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Environmental Governance

Environmental governance is a term used to describe how decisions about the ENVIRONMENT are made and who makes such decisions. It is a broad term that includes the formal and informal institutional arrangements for resource and environment decision-making and management.

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Conflict of Interest

Conflict of interest may be defined as a situation in which politicians and public servants have an actual or potential interest (usually financial) that may influence or appear to influence the conduct of their official duties (see PATRONAGE; CORRUPTION).

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Canadian Alliance

The Canadian Alliance party was created from the remains of the former Reform Party of Canada at a convention in Ottawa in January of 2000 in an attempt to merge conservative opposition to the Liberal Party.

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Canadian-American Relations

Canada and the United States have a unique relationship. Two sovereign states, occupying the bulk of North America and sharing the world's longest undefended border, each reliant on the other for trade, continental security and prosperity. Despite radically different beginnings, as well as a history of war, conflict and cultural suspicion, the two countries stand as a modern example of inter-dependence and co-operation.

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Family Allowance

A family or child allowance is a monthly government payment to families with children to help cover the costs of child maintenance. The Family Allowance began in 1945 as Canada's first universal welfare program.

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Competition Policy

Competition policy refers to legislation used by the federal government to eliminate privately imposed restraints on trade and to encourage competition.

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Rep by Pop

Representation by population is a political system in which seats in a legislature are allocated on the basis of population. It upholds a basic principle of parliamentary democracy that all votes should be counted equally. Representation by population was a deeply divisive issue among politicians in the Province of Canada (1841–67). Nicknamed “rep by pop,” it became an important consideration in the lead up to Confederation. (See also: Representative Government; Responsible Government.)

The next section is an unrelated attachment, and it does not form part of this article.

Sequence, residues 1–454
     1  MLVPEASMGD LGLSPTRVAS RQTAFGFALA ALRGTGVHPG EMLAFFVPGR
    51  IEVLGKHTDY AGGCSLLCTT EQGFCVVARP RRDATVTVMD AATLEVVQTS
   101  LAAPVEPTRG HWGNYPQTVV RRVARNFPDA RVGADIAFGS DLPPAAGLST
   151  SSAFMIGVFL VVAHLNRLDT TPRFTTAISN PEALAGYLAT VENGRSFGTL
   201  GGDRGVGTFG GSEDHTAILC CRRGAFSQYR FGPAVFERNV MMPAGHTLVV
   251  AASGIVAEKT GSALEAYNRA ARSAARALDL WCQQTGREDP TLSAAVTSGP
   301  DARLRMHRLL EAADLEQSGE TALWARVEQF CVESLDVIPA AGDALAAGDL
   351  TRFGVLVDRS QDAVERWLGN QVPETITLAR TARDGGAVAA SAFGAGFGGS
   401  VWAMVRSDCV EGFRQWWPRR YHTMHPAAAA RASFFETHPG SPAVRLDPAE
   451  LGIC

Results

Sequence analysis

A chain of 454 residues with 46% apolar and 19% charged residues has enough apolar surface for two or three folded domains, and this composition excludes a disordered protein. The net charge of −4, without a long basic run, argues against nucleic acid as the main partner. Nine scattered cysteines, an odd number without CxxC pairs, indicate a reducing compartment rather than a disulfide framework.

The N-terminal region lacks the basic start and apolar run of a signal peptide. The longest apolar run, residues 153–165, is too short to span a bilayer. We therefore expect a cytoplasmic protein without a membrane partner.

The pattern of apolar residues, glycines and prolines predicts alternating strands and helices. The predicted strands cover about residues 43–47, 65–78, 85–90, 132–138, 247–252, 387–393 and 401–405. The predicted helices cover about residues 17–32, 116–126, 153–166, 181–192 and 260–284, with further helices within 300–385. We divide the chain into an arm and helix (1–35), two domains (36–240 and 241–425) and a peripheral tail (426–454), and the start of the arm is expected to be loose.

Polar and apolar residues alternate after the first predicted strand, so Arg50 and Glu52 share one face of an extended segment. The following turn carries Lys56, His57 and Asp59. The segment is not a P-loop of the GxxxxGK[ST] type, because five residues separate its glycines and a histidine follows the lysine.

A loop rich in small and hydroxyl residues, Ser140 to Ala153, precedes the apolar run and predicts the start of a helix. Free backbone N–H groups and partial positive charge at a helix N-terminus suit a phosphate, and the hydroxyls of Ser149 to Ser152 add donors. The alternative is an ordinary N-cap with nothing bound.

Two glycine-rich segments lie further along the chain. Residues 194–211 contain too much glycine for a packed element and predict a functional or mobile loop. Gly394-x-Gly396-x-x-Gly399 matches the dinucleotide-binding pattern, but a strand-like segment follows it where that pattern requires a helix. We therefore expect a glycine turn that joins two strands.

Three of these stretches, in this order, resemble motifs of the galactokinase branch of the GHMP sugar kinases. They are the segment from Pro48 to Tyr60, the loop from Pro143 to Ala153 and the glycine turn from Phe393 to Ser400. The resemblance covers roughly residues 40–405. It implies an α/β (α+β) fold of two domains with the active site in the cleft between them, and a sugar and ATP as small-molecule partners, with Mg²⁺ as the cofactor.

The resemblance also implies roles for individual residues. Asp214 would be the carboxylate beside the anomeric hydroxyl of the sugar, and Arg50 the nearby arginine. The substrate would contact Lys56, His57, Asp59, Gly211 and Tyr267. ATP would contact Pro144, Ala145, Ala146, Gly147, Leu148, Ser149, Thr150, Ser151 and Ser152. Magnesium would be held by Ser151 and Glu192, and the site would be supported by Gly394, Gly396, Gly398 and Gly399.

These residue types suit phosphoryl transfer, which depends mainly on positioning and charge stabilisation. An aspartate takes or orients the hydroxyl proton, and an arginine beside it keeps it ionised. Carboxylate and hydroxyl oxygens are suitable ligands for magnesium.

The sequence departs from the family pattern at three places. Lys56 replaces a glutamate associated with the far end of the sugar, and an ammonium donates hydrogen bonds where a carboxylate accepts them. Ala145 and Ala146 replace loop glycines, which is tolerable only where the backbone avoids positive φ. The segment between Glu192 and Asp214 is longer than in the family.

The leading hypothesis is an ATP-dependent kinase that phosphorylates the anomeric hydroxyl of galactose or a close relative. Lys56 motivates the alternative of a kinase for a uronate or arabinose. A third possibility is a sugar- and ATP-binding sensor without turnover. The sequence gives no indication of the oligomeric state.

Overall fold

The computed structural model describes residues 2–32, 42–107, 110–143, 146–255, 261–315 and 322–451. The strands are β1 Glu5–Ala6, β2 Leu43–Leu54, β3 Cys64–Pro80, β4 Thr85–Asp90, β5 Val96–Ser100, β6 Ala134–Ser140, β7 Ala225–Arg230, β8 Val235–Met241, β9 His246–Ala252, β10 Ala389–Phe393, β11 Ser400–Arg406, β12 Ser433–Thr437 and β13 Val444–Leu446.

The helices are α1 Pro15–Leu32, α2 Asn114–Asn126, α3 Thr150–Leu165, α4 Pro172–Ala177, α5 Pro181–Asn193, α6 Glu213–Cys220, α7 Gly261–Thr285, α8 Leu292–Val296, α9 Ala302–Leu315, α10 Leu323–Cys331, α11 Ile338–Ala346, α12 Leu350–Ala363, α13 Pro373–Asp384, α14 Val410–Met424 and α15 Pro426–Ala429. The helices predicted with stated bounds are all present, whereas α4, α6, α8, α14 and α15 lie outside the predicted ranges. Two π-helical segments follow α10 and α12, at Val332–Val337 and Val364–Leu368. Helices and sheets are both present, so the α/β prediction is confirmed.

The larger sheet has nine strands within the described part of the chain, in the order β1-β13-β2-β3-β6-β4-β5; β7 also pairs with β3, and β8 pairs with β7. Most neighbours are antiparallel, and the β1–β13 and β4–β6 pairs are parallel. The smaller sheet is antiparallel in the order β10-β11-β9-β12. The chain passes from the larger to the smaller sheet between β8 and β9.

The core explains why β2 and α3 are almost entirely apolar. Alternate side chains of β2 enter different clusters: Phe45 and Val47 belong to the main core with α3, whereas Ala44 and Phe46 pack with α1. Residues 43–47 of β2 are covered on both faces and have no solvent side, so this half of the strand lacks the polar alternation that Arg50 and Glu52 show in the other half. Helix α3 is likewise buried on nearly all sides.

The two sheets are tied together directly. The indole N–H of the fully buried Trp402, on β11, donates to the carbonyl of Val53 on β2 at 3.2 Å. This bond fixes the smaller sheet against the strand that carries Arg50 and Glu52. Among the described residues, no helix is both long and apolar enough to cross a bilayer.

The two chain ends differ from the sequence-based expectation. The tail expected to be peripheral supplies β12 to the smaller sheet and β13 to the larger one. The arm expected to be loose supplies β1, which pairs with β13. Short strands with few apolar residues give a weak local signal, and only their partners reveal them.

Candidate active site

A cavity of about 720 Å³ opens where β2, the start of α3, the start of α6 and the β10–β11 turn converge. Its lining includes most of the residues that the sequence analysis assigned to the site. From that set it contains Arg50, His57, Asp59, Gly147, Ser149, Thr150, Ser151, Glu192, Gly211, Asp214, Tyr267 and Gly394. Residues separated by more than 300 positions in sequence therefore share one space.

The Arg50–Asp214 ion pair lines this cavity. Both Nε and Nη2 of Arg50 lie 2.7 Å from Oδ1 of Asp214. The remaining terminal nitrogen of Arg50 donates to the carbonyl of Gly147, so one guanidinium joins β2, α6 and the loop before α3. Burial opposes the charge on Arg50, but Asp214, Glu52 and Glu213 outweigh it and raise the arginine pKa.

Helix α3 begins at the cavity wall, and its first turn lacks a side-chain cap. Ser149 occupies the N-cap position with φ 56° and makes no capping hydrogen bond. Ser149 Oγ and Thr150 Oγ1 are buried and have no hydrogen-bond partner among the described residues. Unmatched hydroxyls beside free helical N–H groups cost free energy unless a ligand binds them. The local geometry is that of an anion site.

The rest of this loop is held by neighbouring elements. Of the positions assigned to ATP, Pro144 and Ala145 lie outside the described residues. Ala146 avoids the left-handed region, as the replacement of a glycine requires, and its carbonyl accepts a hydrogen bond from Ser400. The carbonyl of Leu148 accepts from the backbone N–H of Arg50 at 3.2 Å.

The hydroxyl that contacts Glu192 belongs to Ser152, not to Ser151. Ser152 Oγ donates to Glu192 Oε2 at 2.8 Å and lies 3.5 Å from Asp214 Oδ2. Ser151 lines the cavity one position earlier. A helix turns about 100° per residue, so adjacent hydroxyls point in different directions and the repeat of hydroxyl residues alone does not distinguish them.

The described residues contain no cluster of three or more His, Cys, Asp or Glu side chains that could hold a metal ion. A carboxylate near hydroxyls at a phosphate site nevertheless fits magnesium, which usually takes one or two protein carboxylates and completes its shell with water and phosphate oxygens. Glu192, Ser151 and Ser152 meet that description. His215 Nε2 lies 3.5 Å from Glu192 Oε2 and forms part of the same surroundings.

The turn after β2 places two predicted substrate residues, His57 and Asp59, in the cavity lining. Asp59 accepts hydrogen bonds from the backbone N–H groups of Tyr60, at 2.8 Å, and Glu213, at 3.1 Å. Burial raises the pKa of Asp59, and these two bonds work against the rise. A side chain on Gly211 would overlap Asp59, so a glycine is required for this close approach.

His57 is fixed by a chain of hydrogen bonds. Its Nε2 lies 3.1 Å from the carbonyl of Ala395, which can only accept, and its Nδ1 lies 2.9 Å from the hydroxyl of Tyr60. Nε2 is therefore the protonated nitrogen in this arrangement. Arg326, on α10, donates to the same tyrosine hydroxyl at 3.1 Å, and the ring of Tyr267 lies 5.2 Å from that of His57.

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Parks Canada

The federal agency now known as Parks Canada was established in 1911 under the name of the Dominion Parks Branch. Charged with administering a small group of parks and reserves, it was the world's first national parks service.

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Quebec Resolutions

The Quebec Resolutions are a list of 72 policy directives that formed the basis of Canada’s Constitution. They emerged from the Charlottetown Conference (1–9 September 1864) and the Quebec Conference (10–27 October 1864). Those meetings were held by politicians from the five British North American colonies to work out the details of how they would unite into a single country. (See also: Confederation.) The Quebec Resolutions were finalized at the London Conference (4 December 1866 to March 1867). They formed the basis of the British North America Act — the first building block of Canada’s Constitution — which established the Dominion of Canada on 1 July 1867.

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Ottawa Agreements

The Ottawa Agreements were 12 bilateral trade agreements providing for mutual tariff concessions and certain other commitments, negotiated 20 July-20 August 1932 at Ottawa by Britain, Canada and other COMMONWEALTH Dominions and territories.

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Welfare State

The welfare state in Canada is a multi-billion dollar system of government programs that transfer money and services to Canadians to deal with an array of societal needs.

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Crawford Purchase

The Crawford Purchase of 1783 is one of the oldest land agreements between British authorities and Indigenous peoples in Upper Canada (later Ontario). It resulted in a large tract of territory along the north shore of the upper St. Lawrence River and the eastern end of Lake Ontario being opened for settlement by displaced Loyalists and Indigenous peoples who fought for and supported Britain during the American Revolution. The Crawford Purchase is one of many agreements made during the late 18th and 19th centuries, known collectively as the Upper Canada Land Surrenders. (See also Treaties with Indigenous Peoples in Canada.)